Berries, Berries, Berries

KJ Reyland | 20 October, 2021

            Berries Berries Berries

Berry fruit includes blueberries, raspberries, blackberries, boysenberries, loganberries, currants, gooseberries, and strawberries. Berries contain high levels of antioxidants and vitamins as well as a pleasant taste, making them popular eating for both kids and adults.

Most are reasonably easy to grow in most parts of New Zealand. Currants and gooseberries require winter chilling, performing poorly in warm northern areas. Northern highbush types of blueberries are more suited to the very coldest climates.

 Blueberries, raspberries, currants, and gooseberries grow as a bush, requiring little or no support, while blackberries, boysenberries and loganberries require a fence type support. This latter group are also more difficult to prune, especially varieties with prickles.

All berry fruits can be grown in pots. They will all grow in volcanic and light soils providing they are adequately watered in summer. Heavier clay soils will need to be improved – see details in Section 1 of 'The Home Orchard' or check out our blog on improving clay soils here.

As a guide, you will need two plants per person for each fruit you select. For strawberries, plant 5 per person in your household.

Berry fruits require sun but prefer an aspect that avoids the hot afternoon sun. 

Birds are a major pest of berry fruit, especially blueberries, currants, and gooseberries which will certainly require protection netting. The severity of bird problems with raspberries, blackberries and boysenberries varies according to location and season.  


Most blueberry varieties are self-fertile, but the crop will be enhanced considerably if there is another variety of the same type. When selecting varieties, ensure at least two Rabbit Eye, two Northern Highbush, or two Southern Highbush. Northern Highbush are better for colder regions, requiring more winter chilling and flowering later. Southern Highbush are more suited to warmer regions, while Rabbit Eye are generally suited to all but the very coldest areas.
Blueberries require acidic soils. 


Blackberries are best suited to areas with mild winters and warm summers but will tolerate colder climates. They are self-fertile and fruit in February to March, although one variety,  Navaho, fruits in December. Black Satin, the most frequently offered variety and Navaho are both thornless.
Karaka Black is an American hybrid which has large berries and fruits earlier than others in Dec–Jan.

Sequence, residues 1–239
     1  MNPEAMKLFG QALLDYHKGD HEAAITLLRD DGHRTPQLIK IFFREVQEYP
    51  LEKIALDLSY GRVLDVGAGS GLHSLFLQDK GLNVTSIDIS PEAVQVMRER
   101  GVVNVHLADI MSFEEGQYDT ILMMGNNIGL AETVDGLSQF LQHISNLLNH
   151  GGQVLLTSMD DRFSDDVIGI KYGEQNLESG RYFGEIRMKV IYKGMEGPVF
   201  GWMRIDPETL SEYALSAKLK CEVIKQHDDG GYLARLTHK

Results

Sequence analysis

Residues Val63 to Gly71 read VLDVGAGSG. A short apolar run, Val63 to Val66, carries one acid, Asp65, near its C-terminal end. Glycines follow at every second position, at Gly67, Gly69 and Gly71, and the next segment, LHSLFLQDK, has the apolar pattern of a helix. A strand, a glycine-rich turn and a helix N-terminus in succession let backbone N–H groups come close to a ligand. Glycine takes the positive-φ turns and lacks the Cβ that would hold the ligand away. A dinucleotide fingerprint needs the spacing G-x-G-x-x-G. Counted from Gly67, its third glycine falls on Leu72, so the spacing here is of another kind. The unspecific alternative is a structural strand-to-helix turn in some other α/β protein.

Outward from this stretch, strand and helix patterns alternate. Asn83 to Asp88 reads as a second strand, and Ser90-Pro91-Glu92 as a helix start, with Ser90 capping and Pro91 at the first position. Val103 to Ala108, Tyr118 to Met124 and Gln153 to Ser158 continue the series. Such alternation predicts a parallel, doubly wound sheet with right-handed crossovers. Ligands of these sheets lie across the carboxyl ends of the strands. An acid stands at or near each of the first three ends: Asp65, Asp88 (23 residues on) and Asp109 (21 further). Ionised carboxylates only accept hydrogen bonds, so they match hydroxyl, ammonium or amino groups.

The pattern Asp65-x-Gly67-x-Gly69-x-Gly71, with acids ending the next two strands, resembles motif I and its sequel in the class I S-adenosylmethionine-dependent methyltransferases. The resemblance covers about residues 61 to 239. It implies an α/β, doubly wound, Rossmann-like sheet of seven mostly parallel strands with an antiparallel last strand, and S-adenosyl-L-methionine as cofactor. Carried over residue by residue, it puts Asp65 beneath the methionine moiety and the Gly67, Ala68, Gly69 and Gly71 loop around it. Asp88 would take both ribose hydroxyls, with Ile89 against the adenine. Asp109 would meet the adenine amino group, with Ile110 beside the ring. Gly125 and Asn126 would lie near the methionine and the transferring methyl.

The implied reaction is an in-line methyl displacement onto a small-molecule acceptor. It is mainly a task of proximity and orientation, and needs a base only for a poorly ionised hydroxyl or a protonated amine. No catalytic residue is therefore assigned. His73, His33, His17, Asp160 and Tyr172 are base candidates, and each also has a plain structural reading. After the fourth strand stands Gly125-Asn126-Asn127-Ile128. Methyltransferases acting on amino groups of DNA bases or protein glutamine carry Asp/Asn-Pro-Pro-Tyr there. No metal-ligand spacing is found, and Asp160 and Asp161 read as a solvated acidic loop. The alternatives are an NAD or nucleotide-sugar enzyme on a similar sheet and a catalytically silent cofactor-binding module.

Blackberries do not tolerate wet feet but require adequate moisture while fruiting. 


Boysenberries are best suited to areas with mild winters and warm summers but will tolerate colder climates. They are self-fertile and fruit in Dec–Jan. Most varieties offered for home gardens today (Brulee, Mapua, Starlight, Tasman, Thornless Jewel) are thornless or mostly thornless. Loganberries are similar to boysenberries but reddish in colour and fruit a month later.  Waimate is a thornless variety. 

Cape Gooseberries

Cape gooseberries are so named because the berry is carried in a lantern-like cape, which begins as a green, slightly conical soft cape. As the berry ripens, the cape loses flesh, dries and becomes transparent. The berry turns from green to yellow-orange when ripe from January to April. The bush with soft grey-green foliage grows rapidly to 1 metre. The plants often only last 2–3 years, but they are easily grown from seed saved from ripe berries. 


Currants require winter chilling and therefore are likely to perform better in the South Island and colder parts of the North Island. Currants are self-fertile with red and white varieties fruiting in December and black varieties in Dec–Jan. All varieties are suitable for growing in pots. 


Mulberry trees are deciduous and suited to New Zealand’s temperate climate. They prefer a deep, well-drained soil, and although they tolerate drought, they will drop fruit, or it will fail to size if not watered.See Section 1 of 'The Home Orchard'  for specific soil, fertiliser and watering advice for mulberries.

Male and female flowers are carried on each tree which is self-fertile, but pollination is better if there are two trees or more. Fruit forms on one-year-old wood and ripens from November to March. Prune as you would a stone fruit tree.
Hicks Early is an old variety which grows to 6 metres or higher and can spread to 12 metres, making them impossible to net. Red Shahtoot is a new dwarf variety. Do not plant close to concreted paths as the fallen berries stain.


Gooseberries are related to currants and require winter chilling and therefore are likely to perform better in the South Island and colder parts of the North Island. They are self-fertile, the variety Invicta ripening in late Nov–Dec and Pax, which has a large berry that turns red when fully ripe, in Dec–Jan. Farmers Glory is a hardy variety performing well in cold climates. All varieties are suitable for growing in pots. 


Raspberries are best suited to temperate areas. They are not so happy north of the Waikato. This could also have something to do with the fact that they prefer good drainage and a slightly more acid soil than the clays of Auckland north. Raspberries are self-fertile, with most varieties fruiting in December to January. Some varieties -such as Heritage-fruit once a year, in March–May, while others -such as Aspiring - fruit twice a year, once in Dec–Jan on last-year’s canes and  again in April–May on the current-season’s canes. All varieties are suitable for growing in pots.

For full details on growing berry-fruit including recommended varieties, pruning, feeding, pest and disease prevention and control become a subscriber to Pro Advice